You could spend hours looking at the details. Some people bring binoculars.

tree house and train tunnel (Allan’s photo)

Our burgers and onion rings were perfect comfort food.

Allan’s photo

the best dinner seating in the house

Tomorrow: Barring calamity, I WILL finish the compost project!

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Thursday, 7 December 2017

I slept long, and so did Skooter.

In the afternoon, Allan went boating again.  He will write up two days together for tomorrow’s post, because yesterday’s trip was not entirely a success, and today he returned to the same place to go further.  (I hear cries of “Thank goodness, we’ll have something to read about other than compost bins!”)

The day was warm, so warm that I had the back window and the front door wide open.  While hauling yesterday’s pile of chopped honeysuckle out to the trailer, I  had to find a summer weight shirt to wear, after having packed them away for winter.

I sorted out the wheelbarrow of purple lysimachia (went into the wheelie bin) and Sedum “Autumn Fire’ (went into a pile to save).

I picked up some windfall branches from the back yard next door, and saw a view that was worth going to the house for the camera.

crab pots being readied for the seaon

Unfortunately, the latest tests show the crabs do not have enough meat and it has been decided that the season will not begin till January.  Many years ago, after visiting and falling in love with this area, I subscribed to the Chinook Observer, the local weekly.  During the winter of 1991, I sat at my table in Seattle and read about a delayed crabbing season and about how the local fishing families were suffering economically at Christmas time.  When I read that a restaurant at the port offered free holiday meals to fishing families, I knew that this was where I wanted to live.  The way the community pulled together in hard times impressed me deeply.  (The restaurant in question might have been the former Reel ‘Em In Café.)

the latest windfall

My own little frustration is that tonight would have been a perfect evening for a campfire, being windless.  I knew Allan would not return till after dark,  and I would have felt rather selfish eating a campfire dinner on my own.  Especially since he was the one who had gone to the store to get sausages.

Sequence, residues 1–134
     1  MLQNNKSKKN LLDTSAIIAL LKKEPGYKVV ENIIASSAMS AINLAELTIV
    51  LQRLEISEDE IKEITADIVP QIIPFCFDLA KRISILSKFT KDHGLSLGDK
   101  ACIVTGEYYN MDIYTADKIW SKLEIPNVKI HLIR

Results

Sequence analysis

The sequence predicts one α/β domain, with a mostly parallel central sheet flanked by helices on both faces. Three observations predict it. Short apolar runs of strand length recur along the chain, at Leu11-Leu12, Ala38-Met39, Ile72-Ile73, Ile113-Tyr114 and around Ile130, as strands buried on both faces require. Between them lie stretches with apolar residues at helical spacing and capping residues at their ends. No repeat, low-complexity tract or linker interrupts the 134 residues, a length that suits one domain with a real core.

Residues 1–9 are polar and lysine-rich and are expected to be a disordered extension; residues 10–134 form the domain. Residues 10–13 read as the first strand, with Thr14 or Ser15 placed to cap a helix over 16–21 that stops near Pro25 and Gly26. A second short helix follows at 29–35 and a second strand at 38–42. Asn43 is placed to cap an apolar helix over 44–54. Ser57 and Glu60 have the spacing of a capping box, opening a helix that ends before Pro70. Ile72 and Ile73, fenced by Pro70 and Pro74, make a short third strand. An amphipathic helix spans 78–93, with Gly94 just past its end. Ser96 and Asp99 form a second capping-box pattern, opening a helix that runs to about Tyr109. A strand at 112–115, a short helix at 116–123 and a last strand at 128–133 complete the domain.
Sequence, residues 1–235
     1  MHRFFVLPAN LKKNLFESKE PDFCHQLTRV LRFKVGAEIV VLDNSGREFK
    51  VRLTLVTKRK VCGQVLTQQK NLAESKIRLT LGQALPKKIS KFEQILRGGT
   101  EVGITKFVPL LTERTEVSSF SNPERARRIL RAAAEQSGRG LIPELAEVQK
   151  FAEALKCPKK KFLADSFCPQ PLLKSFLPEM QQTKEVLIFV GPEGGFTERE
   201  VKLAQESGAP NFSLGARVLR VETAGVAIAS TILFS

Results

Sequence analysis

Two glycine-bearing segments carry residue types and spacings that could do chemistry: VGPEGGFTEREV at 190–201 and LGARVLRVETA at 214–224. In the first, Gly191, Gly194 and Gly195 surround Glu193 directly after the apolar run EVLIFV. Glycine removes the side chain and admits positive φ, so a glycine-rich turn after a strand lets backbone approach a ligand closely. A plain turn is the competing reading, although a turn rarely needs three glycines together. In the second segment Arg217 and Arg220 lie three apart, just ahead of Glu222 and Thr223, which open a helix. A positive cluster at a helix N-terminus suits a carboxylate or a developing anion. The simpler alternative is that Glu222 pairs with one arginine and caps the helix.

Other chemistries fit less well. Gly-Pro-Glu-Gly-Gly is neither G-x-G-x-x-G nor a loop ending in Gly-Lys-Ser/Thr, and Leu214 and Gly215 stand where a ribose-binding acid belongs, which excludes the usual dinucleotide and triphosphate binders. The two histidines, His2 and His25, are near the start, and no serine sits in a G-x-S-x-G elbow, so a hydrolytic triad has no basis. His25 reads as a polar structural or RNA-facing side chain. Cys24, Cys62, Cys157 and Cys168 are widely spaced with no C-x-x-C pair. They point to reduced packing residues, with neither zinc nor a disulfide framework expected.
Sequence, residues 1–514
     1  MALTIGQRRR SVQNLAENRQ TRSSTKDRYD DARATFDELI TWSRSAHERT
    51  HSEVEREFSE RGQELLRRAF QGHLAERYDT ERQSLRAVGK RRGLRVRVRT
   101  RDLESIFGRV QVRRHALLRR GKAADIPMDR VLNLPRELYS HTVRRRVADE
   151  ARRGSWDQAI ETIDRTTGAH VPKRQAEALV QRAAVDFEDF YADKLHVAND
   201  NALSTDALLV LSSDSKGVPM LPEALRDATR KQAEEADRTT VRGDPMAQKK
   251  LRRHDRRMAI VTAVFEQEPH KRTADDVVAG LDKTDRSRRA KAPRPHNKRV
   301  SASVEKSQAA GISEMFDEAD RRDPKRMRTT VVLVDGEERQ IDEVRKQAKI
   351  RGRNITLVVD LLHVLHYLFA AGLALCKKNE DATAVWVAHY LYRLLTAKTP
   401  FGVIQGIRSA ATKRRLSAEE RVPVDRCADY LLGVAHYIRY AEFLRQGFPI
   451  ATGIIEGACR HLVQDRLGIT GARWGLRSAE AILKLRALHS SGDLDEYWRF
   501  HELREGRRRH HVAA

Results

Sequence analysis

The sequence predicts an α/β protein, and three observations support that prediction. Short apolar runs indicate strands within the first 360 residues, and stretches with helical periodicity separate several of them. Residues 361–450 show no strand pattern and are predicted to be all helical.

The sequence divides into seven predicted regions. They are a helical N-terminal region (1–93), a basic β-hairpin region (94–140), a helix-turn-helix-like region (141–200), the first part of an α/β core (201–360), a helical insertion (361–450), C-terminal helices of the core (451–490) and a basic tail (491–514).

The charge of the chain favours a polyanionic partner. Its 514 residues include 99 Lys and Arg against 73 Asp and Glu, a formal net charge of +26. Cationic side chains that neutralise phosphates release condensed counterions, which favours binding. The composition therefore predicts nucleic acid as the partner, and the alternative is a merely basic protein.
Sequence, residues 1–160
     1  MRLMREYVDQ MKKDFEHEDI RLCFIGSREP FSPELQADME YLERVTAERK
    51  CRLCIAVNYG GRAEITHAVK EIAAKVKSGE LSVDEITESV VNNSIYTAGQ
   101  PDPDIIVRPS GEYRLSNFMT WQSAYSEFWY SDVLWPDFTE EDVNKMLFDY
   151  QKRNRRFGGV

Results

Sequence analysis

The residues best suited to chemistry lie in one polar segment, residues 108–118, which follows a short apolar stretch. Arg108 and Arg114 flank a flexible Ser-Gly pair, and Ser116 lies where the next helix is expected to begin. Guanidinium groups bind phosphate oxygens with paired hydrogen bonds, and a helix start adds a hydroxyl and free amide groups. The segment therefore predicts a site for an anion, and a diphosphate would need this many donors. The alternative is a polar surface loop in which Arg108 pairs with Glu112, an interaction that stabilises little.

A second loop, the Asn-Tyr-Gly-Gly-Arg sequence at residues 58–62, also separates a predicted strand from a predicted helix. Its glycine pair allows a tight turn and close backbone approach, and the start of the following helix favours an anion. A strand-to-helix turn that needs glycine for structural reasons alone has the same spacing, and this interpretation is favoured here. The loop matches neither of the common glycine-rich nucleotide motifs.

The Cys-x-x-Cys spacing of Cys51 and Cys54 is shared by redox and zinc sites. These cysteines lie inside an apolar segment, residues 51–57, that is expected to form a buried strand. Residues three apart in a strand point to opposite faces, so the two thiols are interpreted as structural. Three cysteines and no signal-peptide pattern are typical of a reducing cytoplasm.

I feel pressured because it is so hard to get to just stay home on staycation.  We have Important Things to Do for the afternoons or evenings of the next three days.  This strangely warm winter* weather is supposed to go well into next week, though.  I hope so.

*As far as I am concerned, fall is Sept-Oct-Nov and winter is Dec-Jan-Feb.

The only indication of winter is the low angle of the sun and seasonal look of the garden.  Otherwise, it felt like a summer day.

2:20 PM

Cornus ‘Midwinter Fire’ and smokebush

some interesting new growths on the dead “Danger Tree” snag

Frosty walked with me.

After some inexpert pruning of my leaning ‘Cox’s Orange Pippen Tree…

before…it’s leaning to the east

after, some big eastern branches removed

…I measured my compost area (again!) to figure out if a fourth bin would fit.

I don’t use the plastic bin; we have three of them.

I thought about having to empty all the bins at once and then realized that the bins could be moved without having to empty them all at once.  Starting at the near end, one could be moved, and the others shifted as they get emptied.  Eureka!   At the same time, we could move them forward, making room to walk between them and the greenhouse.  I need two more pallets to make another bin.

It has proved annoying when debris falls into this narrow space. And there is no room to maintain the greenhouse exterior.

There is room at the far end, too, if that batch of hops and honeysuckle were pruned regularly.

I simply had to start tearing a bin apart and get it moved.  I just could not wait. I would tie it together and later Allan could do the good job that he likes to do. I managed to tear off one side and move it over.  To my intense frustration, I could not get the back pallet off.  It got wodged into the other one and stuck by one screw.  I worked and worked at it and finally had to give up.